Experience the magic of South Korea’s most iconic winter festivals
DECEMBER through to February in South Korea is cold… very cold. Average temperatures in the region maintain a freezing -6 to 3 degrees Celsius throughout the three months, with harsh winds making the chill bite even harder.
If you’re heading over to this side of the world during this wintry period, don’t let the cold discourage you from including a bit of outdoor activity in your travel itinerary.
Because the frosty weather, though brutal at times, also provides the perfect backdrop for electrifying winter festivals – and South Korea has a fair number of good ones to help you fight that cold-induced lethargy.
So forget your plans for hibernation – grab a coat and some great skin moisturizers instead, and spend some valuable time with the loved ones at these fabulous winter-themed gigs:
Lighting Festival at The Garden of Morning Calm
The Garden of Morning Calm is one of the most tranquil places in South Korea, known for its beautifully kept flower beds and perfectly trimmed bushes. The garden offers a natural array of stunning colors from the growing shrubbery, but every year the park is transformed into even more of a colorful paradise.
The Lighting Festival is one of the biggest light events in Korea, covering nearly 330,000 square meters with lights and lanterns that dazzle under the moon. The lights give a feel of festiveness to those who visit during the winter season.
Where: The Garden of Morning Calm, Gapyeong-gun, Gyeonggi-do
When: Dec 8, 2017 – March 25, 2018
Pyeongchang Trout Festival
Bare-hand fishing, sledding, and old-style hole-in-the-ice-fishing can all be done at the Pyeongchang Trout Festival. The 35-day festival is also close to the Alpensia Ski Resort and Yonpyeong Ski Resort, so you can spend a day out on the slopes, and maybe gear up to shadow your favorite athletes at the 2018 Winter Olympics, which will be held in cities across South Korea.
The tradition of the Trout Festival deems that you should feast on raw, freshly caught trout – but you can make up your own traditions here and eat the delicious fish however you chose.
Where: Area of Odaecheon Stream, Pyeongchang-gun, Gangwon-do
When: Dec 22, 2017 – Feb 25, 2018
Taebaeksan Mountain snow festival
The incredible Taebaeksan Mountain Snow Festival offers guests an fine array of winter-themed activities and events.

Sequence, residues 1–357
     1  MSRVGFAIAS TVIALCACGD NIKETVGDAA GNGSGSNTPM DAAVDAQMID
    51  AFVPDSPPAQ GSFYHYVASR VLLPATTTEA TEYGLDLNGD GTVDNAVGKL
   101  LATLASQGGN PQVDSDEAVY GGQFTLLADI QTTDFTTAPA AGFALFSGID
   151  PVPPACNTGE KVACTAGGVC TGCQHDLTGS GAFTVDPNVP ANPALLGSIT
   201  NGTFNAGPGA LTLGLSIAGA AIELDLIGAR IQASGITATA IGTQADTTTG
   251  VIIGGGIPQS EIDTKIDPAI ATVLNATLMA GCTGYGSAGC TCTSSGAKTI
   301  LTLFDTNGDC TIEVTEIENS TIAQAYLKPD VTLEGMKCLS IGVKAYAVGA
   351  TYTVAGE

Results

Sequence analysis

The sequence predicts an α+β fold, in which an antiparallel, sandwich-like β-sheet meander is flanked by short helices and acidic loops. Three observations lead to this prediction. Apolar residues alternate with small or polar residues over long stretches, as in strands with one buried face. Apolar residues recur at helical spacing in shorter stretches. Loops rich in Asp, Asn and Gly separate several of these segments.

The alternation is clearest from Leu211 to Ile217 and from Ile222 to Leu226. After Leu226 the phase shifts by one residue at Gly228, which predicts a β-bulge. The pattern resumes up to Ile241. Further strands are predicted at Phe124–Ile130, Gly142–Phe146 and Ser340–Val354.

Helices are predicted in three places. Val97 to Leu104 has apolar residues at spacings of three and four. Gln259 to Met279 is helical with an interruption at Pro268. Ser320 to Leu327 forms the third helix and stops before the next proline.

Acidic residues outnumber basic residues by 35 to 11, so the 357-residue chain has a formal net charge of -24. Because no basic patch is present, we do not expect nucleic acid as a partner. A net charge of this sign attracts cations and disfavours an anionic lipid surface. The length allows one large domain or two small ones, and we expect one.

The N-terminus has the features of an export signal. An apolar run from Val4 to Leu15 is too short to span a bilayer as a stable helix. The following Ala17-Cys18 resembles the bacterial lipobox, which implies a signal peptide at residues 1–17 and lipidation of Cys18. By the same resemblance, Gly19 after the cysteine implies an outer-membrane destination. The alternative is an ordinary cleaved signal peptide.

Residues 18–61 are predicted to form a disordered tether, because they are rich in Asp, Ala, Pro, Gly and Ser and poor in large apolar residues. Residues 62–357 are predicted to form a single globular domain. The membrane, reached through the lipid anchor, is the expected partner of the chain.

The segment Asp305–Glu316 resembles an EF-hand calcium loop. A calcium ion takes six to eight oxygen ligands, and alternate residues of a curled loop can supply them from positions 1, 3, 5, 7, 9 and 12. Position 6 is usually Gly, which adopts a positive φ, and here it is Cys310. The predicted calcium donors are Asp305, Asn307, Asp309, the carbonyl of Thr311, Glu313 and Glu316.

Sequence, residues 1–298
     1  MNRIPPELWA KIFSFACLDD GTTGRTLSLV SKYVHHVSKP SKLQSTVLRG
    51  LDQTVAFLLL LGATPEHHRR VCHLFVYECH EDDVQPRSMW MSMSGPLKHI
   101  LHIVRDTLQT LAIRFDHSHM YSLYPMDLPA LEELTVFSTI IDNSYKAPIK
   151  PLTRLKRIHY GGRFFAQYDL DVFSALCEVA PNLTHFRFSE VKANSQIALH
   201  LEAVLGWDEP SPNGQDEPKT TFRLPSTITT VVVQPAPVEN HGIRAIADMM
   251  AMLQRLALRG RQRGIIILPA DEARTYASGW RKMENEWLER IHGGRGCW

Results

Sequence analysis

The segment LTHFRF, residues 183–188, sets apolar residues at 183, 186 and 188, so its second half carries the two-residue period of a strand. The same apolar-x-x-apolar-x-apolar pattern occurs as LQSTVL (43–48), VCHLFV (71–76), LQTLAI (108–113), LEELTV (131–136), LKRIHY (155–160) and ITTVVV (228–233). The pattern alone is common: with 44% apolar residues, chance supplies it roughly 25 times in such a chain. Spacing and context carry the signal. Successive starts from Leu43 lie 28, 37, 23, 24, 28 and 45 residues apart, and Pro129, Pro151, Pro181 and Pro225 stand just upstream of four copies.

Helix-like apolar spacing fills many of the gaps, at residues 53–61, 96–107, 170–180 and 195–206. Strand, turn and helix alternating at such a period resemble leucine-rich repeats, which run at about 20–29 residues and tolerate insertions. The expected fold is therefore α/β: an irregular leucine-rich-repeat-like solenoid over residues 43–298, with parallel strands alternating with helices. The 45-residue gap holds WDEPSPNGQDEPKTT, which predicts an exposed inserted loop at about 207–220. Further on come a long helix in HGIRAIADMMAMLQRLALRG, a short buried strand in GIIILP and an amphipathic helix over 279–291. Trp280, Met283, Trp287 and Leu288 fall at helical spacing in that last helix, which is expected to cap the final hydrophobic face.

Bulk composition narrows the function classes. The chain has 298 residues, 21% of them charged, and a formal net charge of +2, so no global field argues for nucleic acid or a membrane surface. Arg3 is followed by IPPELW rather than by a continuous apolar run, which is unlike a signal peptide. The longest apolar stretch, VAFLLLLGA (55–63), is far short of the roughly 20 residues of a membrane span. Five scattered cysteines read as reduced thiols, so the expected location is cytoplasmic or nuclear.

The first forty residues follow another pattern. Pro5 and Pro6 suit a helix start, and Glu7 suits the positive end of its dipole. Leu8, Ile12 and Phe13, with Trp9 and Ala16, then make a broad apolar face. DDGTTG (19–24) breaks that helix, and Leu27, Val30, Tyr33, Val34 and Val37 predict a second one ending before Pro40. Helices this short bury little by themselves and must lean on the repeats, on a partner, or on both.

The huge ice sculptures are sure to get everyone’s attention. Here you can find replicas of Egypt’s Great Pyramids, the Taj Mahal, princess-castles and well-known cartoon characters, as well as performances, snow sledding, and hiking tours.
Where: Areas of Taebaeksan National Park and Hwangji Pond, Taebaek-si, Gangwon-do
When: Dec 8, 2017 – March 25, 2018
The Jeju Fire festival
As traditions go, this is a pretty spectacular one. The Jeju Fire Festival is held every year to pray for a healthy and prosperous new year. This tradition stems from Jeju farmers setting fire to their crop-less fields to rid the land of harmful bugs and encourage new grass to grow for their cattle to graze on.
Nowadays, the entire side of the Hallasan Mountain is set ablaze under controlled conditions to give festival-goers an awesome show. Some locals have even chosen to get married at this festival.
Where: Area of Saebyeol Oreum, Bongseong-ri, Aewol-eup, Jeju-si, Jeju-do
When: March 1 – 4, 2018
Homigot sunrise festival
Homigot is located on the Easternmost point of the South Korean peninsula, which means it has the earliest sunrise across the whole of Korea. The Sunrise Festival is marked as a national event and Homigot is renowned for being the best spot to usher in the New Year.
Close to the shore sits one part of Sangsaeng’s Hand, a two-part bronze sculpture in the shape of hands. During sunrise, from certain angles, it can look as if the hand in the sea is capturing the sun in its palm.
Where: Homigot Sunrise Plaza, Pohang-si, Gyeongsanbuk-do
When: Dec 31, 2017 – Jan 1, 2018